Hip pain while sitting can range from mild to severe discomfort. The hip joint may also feel stiff or creak when sitting. Medical issues, injuries, and poor posture can cause hip pain when sitting. One may feel pain in one or both hips while sitting.
This article discusses hip pain, possible causes, and suitable home remedies and stretches.

What does hip pain mean?

A person may experience hip pain in the joint or in the surrounding muscles, ligaments, nerves, and tendons. The hip is one of the largest weight-bearing joints in the body. It is located where the thigh bone meets the pelvis to form a kneecap. The hip joint consists of two main parts: the femoral head and the acetabulum.
The femoral head is a ball-shaped bone located at the top of the thigh bone. It lodges in the acetabulum, which is a cavity located in the pelvis.

The following muscles surround the hip:

– the glutes, which are the muscles of the buttocks
– the adductor muscles, which are the internal muscles of the thigh
– the iliopsoas muscle, which starts in the lower back
– the quadriceps, which are four muscles located at the front of the thigh
– the hamstrings, which are the muscles located at the back of the thigh.

Important nerves, such as the sciatic nerve, and blood vessels also surround the hip. Hip pain that occurs outside the hip, buttock, and upper thigh can result from injury or damage to muscles, tendons, and ligaments.

Posture and sitting position

The following can cause hip pain when sitting:

bad posture

Sitting regularly while bending over can cause hip pain. Sitting without adequate back or hip support increases pressure on the hips, and the tension can cause pain over time.

The sitting positions

Sitting with your legs crossed or leaning to the side can put more pressure on your hips, which can lead to pain.

Sit on an uneven surface

If you sit on an uneven surface, such as a cushion or a chair that is too soft, you can tilt your body to one side and put more pressure on one hip. Adding weight to one hip can lead to poor posture and hip pain when sitting.

pinched nerve

Sitting for long periods of time can lead to pinching of the nerve. The medical term for a pinched nerve is radiculopathy. This phenomenon is due to the stretching, compression or constriction of a nerve or a set of nerves.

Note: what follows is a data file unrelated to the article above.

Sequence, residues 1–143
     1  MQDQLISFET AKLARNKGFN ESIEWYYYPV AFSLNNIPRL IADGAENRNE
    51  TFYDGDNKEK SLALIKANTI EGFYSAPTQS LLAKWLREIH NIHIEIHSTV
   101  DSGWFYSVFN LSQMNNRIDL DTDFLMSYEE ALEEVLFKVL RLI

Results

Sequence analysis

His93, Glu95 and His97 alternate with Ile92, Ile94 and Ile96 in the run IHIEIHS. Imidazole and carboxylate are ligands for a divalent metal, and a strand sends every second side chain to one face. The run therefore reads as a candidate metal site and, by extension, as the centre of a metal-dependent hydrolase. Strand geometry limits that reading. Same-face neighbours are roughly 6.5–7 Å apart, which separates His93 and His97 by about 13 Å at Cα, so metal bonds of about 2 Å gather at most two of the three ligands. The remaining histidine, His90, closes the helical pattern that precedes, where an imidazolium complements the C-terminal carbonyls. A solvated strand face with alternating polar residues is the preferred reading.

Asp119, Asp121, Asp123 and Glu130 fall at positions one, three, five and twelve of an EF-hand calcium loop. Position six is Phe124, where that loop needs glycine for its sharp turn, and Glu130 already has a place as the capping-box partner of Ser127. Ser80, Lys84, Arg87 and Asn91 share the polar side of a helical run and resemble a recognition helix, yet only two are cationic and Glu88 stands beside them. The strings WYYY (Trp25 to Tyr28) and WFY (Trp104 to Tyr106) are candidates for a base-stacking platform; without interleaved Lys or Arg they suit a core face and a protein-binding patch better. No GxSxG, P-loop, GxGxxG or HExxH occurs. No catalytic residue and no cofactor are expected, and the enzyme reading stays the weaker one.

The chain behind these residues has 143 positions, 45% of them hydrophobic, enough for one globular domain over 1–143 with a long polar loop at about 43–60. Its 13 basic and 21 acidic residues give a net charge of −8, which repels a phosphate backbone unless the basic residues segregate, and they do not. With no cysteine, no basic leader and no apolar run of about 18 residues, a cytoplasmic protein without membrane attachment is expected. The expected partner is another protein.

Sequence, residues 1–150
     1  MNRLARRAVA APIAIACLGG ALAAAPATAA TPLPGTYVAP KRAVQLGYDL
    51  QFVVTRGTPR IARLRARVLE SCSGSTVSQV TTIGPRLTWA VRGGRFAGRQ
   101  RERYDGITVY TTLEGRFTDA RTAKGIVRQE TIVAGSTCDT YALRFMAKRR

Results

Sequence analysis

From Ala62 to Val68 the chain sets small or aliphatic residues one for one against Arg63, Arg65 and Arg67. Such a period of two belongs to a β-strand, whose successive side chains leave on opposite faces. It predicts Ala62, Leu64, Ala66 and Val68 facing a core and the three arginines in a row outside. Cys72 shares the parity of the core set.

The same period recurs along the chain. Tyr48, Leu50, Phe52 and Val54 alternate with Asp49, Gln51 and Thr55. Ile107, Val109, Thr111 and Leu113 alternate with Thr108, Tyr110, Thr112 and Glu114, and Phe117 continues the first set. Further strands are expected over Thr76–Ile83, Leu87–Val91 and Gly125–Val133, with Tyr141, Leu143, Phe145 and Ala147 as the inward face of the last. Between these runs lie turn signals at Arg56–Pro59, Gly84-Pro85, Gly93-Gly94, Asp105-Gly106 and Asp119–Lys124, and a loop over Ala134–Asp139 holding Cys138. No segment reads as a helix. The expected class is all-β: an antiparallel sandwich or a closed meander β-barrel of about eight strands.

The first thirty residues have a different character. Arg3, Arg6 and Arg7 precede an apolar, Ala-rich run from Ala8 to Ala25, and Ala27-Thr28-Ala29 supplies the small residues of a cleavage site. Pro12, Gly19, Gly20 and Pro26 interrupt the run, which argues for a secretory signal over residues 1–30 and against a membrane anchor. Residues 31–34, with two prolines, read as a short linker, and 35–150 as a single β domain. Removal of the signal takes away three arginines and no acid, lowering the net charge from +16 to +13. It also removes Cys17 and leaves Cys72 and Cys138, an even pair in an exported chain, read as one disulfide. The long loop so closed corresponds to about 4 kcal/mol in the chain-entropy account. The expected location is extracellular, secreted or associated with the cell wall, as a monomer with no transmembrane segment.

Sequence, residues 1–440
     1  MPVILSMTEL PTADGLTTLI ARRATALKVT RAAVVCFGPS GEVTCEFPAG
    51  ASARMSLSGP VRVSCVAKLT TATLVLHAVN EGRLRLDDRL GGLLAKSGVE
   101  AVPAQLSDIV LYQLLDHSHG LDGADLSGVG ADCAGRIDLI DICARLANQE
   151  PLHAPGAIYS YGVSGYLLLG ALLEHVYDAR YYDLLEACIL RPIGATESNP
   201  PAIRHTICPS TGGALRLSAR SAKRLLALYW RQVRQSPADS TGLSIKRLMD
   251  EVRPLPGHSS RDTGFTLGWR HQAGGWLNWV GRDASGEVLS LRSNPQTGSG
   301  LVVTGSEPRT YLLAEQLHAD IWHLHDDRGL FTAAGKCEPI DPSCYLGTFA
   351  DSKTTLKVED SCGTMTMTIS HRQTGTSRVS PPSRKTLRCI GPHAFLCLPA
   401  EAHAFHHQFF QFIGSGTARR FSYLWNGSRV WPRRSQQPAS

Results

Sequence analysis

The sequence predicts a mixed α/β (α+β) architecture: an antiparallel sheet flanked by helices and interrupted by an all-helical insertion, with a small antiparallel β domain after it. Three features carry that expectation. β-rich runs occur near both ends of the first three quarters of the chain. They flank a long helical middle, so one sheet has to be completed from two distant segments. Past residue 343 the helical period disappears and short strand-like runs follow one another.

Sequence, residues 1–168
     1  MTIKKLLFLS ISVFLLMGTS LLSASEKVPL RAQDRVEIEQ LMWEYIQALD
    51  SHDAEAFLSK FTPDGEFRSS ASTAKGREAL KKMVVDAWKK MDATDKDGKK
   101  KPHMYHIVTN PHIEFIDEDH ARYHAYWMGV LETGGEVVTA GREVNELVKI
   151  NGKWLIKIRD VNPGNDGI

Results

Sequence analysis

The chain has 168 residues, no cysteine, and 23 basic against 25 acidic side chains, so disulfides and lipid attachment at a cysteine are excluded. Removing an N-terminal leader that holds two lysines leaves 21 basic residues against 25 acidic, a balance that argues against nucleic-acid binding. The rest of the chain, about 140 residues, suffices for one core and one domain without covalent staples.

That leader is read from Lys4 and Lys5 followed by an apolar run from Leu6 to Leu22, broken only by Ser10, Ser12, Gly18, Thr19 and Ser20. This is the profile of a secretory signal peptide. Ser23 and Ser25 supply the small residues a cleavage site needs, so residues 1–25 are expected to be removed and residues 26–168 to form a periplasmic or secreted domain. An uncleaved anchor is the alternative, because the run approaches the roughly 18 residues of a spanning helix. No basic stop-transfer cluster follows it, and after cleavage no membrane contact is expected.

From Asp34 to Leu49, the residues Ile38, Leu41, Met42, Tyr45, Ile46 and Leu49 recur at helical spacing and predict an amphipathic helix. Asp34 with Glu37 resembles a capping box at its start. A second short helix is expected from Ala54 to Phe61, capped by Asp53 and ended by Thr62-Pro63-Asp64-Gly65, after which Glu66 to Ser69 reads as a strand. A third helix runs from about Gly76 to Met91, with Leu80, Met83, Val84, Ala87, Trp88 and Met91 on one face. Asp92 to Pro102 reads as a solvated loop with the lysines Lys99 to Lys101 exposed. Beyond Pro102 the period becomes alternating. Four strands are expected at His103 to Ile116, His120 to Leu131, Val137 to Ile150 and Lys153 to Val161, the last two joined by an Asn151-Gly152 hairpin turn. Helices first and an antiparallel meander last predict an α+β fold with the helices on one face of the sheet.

When this phenomenon occurs in the hip, it can cause pain in the thigh, buttock, groin and hip. A person may also feel:

– loss of movement
– numbness
– tingling
– burning sensations


Treatments for radiculopathy include:

– stretching
– anti-inflammatory drugs
– hot and cold treatments
– Rest


Sitting for prolonged periods can lead to sciatica. This is pain due to irritation of the sciatic nerve. The sciatic nerve is the longest and widest in the body and runs from the lower back to just below the knees. Sciatica can cause pain in the buttocks, feet, toes, and back of the leg. Affected individuals may experience a stabbing, burning pain that can range from mild to severe. Weakness and numbness may also occur.


Treatments for sciatica include exercises, stretches, and pain and anti-inflammatory medications.


Bursitis develops in and around the joint due to inflammation of the bursae. Bursae are small sacs that cushion the areas between bones and muscles and reduce tendon friction. Bursae become inflamed when too much friction causes them to fill with fluid in an effort to protect the tendon.

Two main hip bursae can become inflamed: the trochanteric bursa and the iliopsoas bursa. The main symptom of trochanteric bursitis is pain that begins in the hip and spreads to the outside of the thigh. Initially, the pain is intense. The pain may worsen when getting up from a chair after sitting for long periods of time. Some people report that they cannot sleep on this side because the pain wakes them up at night.


Treatments for bursitis include:

– pain medication and anti-inflammatories
– physiotherapy
– splints and braces
– hot and cold treatments
– physical exercises
– rest
– surgery